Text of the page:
The other wideout who arrived this spring was Austin Kutscher, a graduate transfer from Ohio State. He saw action in just six games in four years as a Buckeye.

“I had talked to a couple guys on the Ohio State staff, and they have nothing but great things to say about him,” Barnes said of Kutscher. “I think he just wanted a change of scenery, and maybe in his mind a chance to compete, and we’ll see if he can do it here.”

Ferentz attributed much of the last two year’s poor offensive production, however, to the injury-ridden inexperienced offensive line. Justin Britt, an offensive lineman who saw action in eight games in 2021, was out the entire 2022 season with an injury. He is on medical scholarship, but has not retired from football, per his Twitter. 


Offensive tackle David Davidkov, who was a four-star recruit and NBC All-American in high school, did not play a snap in his two years at Iowa due to injuries. Davidkov is also on medical scholarship but will no longer play football, Ferentz said.  

“If you look at our offensive line right now, we weren’t where we needed to be a year ago and felt the same way this year,” Ferentz said. “I think we had — I don’t want to say suffered from — but we were forced to play some guys that probably weren’t quite ready to compete at the level we’re looking for. It’s been part of what we’ve been battling a little bit. The facts are that when you can’t do things up front, kind of cascades to the entire offense. It’s hard to run an offense when you can’t block with proficiency.”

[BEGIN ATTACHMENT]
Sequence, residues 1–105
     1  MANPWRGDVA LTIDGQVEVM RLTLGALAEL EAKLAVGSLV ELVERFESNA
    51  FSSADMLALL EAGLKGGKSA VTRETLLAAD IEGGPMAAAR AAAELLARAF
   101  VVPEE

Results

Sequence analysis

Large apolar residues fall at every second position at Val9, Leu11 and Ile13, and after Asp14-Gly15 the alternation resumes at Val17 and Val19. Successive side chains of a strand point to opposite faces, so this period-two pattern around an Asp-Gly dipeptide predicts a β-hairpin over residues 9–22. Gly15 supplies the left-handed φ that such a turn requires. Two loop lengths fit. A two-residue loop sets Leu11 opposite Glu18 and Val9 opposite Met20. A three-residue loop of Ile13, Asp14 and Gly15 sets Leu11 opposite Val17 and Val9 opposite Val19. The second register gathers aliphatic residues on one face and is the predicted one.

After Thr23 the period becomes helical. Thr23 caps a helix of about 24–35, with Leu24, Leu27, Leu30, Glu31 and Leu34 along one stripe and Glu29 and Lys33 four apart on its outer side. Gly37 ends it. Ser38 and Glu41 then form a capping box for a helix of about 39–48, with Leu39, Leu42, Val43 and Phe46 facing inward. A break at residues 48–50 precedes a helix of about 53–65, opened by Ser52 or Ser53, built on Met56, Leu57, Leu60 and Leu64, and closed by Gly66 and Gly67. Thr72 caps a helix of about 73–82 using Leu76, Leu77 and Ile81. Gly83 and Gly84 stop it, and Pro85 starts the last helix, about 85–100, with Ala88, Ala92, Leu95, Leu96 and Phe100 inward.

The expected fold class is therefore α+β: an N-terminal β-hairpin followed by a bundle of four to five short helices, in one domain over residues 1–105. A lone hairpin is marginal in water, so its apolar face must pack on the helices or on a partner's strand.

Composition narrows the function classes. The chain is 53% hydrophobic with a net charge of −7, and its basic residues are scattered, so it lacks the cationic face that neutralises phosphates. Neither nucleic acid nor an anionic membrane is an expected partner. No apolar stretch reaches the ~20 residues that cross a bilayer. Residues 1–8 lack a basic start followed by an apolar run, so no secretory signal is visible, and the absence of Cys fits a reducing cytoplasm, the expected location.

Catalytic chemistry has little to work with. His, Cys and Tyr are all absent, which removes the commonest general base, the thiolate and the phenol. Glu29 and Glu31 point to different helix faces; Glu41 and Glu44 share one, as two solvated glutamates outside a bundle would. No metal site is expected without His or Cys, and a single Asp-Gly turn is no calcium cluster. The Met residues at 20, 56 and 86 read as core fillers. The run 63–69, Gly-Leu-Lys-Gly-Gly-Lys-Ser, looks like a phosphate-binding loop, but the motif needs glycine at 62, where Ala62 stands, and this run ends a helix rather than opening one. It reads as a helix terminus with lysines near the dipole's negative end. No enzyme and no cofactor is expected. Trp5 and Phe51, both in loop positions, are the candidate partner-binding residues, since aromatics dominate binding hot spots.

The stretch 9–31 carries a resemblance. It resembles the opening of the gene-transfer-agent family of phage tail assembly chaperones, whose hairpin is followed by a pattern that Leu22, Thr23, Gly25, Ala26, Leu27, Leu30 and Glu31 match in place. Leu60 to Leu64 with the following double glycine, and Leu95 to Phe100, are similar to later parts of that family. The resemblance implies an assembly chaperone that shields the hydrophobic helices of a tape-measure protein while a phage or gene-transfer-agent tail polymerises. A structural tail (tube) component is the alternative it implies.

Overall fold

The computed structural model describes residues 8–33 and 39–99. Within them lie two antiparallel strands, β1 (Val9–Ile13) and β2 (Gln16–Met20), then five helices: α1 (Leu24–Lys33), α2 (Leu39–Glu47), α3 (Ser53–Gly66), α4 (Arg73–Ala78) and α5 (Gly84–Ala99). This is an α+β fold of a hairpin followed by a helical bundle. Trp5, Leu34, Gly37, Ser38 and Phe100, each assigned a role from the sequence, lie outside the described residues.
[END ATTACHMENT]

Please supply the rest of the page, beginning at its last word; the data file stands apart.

In hopes to strengthen the offensive line, Iowa grabbed graduate transfers Daijon Parker and Rusty Feth from the transfer portal. Parker played in nine games for Saginaw Valley State in 2022 and was committed to Virginia until he flipped to the Hawkeyes on Jan. 7. Parker went to the same high school as former Iowa defensive back and 2022 first-team All-American Kaevon Merriweather.

“Some guys will tell you, ‘Hey, I’m good. I’m solid here.’ Which Daijon did tell me,” Barnes said. “ I was like, again, I’m a numbers guy. I go pull up a lot of comparisons between UVA and University of Iowa. Not just wins, but offensive line development, how far it is from home, how easy is it for your mom to get here and watch games, cost of travel, hotel, all that stuff and send it to him and say, ‘Hey, just take a look at this and let me know if this maybe gets your interest.’ Then I also hit Kaevon and told Kaevon to get on him too. Assist to Kaevon there.”

Feth started 34 games, including 25 straight at center over the past two seasons for Miami (Ohio). Feth had previous connections to Iowa offensive line coach George Barnett, who was on the RedHawk coaching staff for seven seasons. It only took Feth one visit to Iowa City to become a Hawkeye.

“When Rusty became available, it really was kind of a no-brainer for us,” Barnes said. “If we can add to the team, we’re going to add to the team, and Rusty is a great kid. He’s going to fit right in. The offensive line this weekend, they enjoyed him.”

Ferentz and Barnes are both pleased with the 2023 additions, but believe their best recruits were already inside the locker room. 

Wide receiver Nico Ragaini, defensive tackle Noah Shannon, and defensive end Joe Evans all announced that they would use their sixth-year of eligibility and return to the Hawkeyes in 2023.  

Evans and Shannon were joined in the spring by walk-on defensive lineman Jackson Filer. The West Des Moines product helped Iowa Western win a national championship and was named the NCJAA Defensive Player of the Year in 2022. 

“The older guys have done a great job embracing the new guys and supporting them, and certainly looking forward to them starting this process now that we’re back on campus and having some time to spend with our players,” Ferentz said.